As it turns out, Lewis is not dead, although he later discovers he has lost good friends in the same battle.
25 April 1918
Australian forces recapture the French town of Villers-Bretonneux. Only the day before, 24 April, the Germans had captured Villers-Bretonneux and were moving towards Amiens; however, with only a few hours preparation, a counter attack was enacted, involving two Australian brigades and three British battalions.
Official War Correspondent, Charles Bean, apparently writes in his diary, “I don’t believe they have a chance.”
However, they do indeed re-take the town.
The residents of Villers-Bretonneux have never forgotten the actions of Australian troops. After the war, the local school would be rebuilt with money raised by school children in Victoria. Still today, there are signs in the classrooms of the local primary school proclaiming, ‘N’oublions jamais, l’Australie.‘ Never forget Australia.
April – June 1918
This period marks the initial outbreak of the Spanish Flu, although it results in relatively fewer deaths compared to outbreaks later in the year, with the highest deaths occurring from October to December 1918. Spanish Flu would eventually infect 500 million people worldwide, with 50 million dying from it.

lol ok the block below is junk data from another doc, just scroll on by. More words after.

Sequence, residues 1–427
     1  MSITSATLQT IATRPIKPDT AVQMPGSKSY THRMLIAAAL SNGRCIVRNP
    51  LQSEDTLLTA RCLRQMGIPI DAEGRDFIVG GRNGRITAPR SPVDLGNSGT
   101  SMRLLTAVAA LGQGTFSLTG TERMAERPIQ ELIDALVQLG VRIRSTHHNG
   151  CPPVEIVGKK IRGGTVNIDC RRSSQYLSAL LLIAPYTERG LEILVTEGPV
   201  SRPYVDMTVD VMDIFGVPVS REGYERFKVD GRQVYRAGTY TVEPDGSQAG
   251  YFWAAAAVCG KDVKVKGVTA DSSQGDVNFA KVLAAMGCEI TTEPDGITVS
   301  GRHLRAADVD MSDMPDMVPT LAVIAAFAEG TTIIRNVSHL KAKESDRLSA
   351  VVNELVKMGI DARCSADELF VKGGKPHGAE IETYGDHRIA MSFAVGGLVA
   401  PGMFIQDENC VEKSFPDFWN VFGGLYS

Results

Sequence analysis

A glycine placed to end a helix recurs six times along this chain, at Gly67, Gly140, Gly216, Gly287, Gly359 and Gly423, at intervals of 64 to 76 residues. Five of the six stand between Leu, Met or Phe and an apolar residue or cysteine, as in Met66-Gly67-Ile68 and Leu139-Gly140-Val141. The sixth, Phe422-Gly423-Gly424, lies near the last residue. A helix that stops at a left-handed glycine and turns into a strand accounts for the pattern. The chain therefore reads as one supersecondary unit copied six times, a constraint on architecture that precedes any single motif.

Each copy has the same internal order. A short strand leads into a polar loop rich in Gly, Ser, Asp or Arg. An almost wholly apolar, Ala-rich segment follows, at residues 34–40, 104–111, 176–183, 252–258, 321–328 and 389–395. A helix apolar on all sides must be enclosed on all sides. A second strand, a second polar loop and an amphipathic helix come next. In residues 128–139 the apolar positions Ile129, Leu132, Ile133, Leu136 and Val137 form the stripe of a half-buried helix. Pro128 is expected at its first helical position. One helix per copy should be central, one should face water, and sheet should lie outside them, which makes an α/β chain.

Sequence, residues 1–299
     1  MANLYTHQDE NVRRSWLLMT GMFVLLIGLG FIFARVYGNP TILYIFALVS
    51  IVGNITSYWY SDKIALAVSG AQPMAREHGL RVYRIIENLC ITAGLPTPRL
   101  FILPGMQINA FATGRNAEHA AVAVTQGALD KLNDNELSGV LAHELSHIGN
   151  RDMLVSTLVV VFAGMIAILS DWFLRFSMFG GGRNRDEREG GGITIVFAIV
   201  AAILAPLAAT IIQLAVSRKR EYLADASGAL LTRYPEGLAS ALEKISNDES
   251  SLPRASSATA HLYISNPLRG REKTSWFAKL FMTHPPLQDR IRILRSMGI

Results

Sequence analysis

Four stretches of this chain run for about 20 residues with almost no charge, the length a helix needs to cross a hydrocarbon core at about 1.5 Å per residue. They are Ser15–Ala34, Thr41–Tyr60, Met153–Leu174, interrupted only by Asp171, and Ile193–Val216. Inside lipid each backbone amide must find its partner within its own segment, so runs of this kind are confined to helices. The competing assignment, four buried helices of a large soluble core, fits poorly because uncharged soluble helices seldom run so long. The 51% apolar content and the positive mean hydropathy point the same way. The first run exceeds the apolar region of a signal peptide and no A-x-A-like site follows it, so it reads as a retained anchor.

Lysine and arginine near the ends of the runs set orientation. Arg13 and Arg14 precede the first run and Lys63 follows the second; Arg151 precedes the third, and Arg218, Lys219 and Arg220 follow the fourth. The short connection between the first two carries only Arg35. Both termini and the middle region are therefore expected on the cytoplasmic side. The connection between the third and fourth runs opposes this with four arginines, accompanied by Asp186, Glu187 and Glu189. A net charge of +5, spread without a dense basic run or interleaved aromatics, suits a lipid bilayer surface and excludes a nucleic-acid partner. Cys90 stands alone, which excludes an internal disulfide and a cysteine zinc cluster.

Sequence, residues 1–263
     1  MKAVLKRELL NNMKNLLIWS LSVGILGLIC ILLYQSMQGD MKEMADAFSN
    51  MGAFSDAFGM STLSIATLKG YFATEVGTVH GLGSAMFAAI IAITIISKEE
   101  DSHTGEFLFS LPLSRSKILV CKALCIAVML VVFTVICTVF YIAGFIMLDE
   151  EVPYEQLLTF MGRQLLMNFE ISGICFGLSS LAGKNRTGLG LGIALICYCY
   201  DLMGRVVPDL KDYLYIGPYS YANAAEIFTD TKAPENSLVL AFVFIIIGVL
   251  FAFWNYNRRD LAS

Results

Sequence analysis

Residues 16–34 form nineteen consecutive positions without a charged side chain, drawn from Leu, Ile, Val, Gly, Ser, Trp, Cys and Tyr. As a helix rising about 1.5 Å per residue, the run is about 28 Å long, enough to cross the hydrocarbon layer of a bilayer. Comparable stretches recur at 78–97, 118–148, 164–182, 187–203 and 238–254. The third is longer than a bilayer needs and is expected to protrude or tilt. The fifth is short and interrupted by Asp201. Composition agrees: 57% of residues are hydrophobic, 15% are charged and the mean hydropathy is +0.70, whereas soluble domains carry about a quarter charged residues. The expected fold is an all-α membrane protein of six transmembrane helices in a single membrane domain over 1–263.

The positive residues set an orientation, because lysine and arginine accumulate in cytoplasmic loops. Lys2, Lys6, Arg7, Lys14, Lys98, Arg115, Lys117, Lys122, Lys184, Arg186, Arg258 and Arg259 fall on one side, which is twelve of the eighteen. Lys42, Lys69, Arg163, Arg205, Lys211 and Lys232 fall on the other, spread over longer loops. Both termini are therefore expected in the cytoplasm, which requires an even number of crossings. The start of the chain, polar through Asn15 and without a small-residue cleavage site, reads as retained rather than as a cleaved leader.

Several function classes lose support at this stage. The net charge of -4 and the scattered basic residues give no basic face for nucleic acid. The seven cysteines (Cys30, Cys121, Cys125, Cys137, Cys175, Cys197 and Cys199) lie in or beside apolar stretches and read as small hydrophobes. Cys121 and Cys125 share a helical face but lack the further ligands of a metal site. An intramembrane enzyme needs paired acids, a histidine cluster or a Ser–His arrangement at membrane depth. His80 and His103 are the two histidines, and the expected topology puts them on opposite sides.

The Spanish Flu was so named, not because the flu started there, but because the Spanish had remained neutral during the First World War, and so freely reported news of the virus.
3 August 1918
Australia House, home to Australia’s High Commission, opens in London. It is opened by King Georg V, and marks Australia’s first diplomatic mission overseas. Much of the interior stone, marble and timber needed for construction had been shipped from Australia during the First World War. Andrew Fisher, who had been High Commissioner since 1916, is the first occupant of Australia House.
8 August 1918
The Battle of Amiens (also known as the Third Battle of the Somme) begins. Setting out from Villers-Bretonneux and Hamel, Australian and Canadian troops only take three hours to overrun the enemy’s front line. German General Erich Friedrich Wilhelm Ludendorff declares 8 August “the black day of the German army”.
2 September 1918
Sir John Forrest dies while en route to England for cancer treatment. Sir John Forrest had been an explore, surveyor, cabinet minister in Australia’s Federal Parliament, and Western Australia’s first Premier.
22 September 1918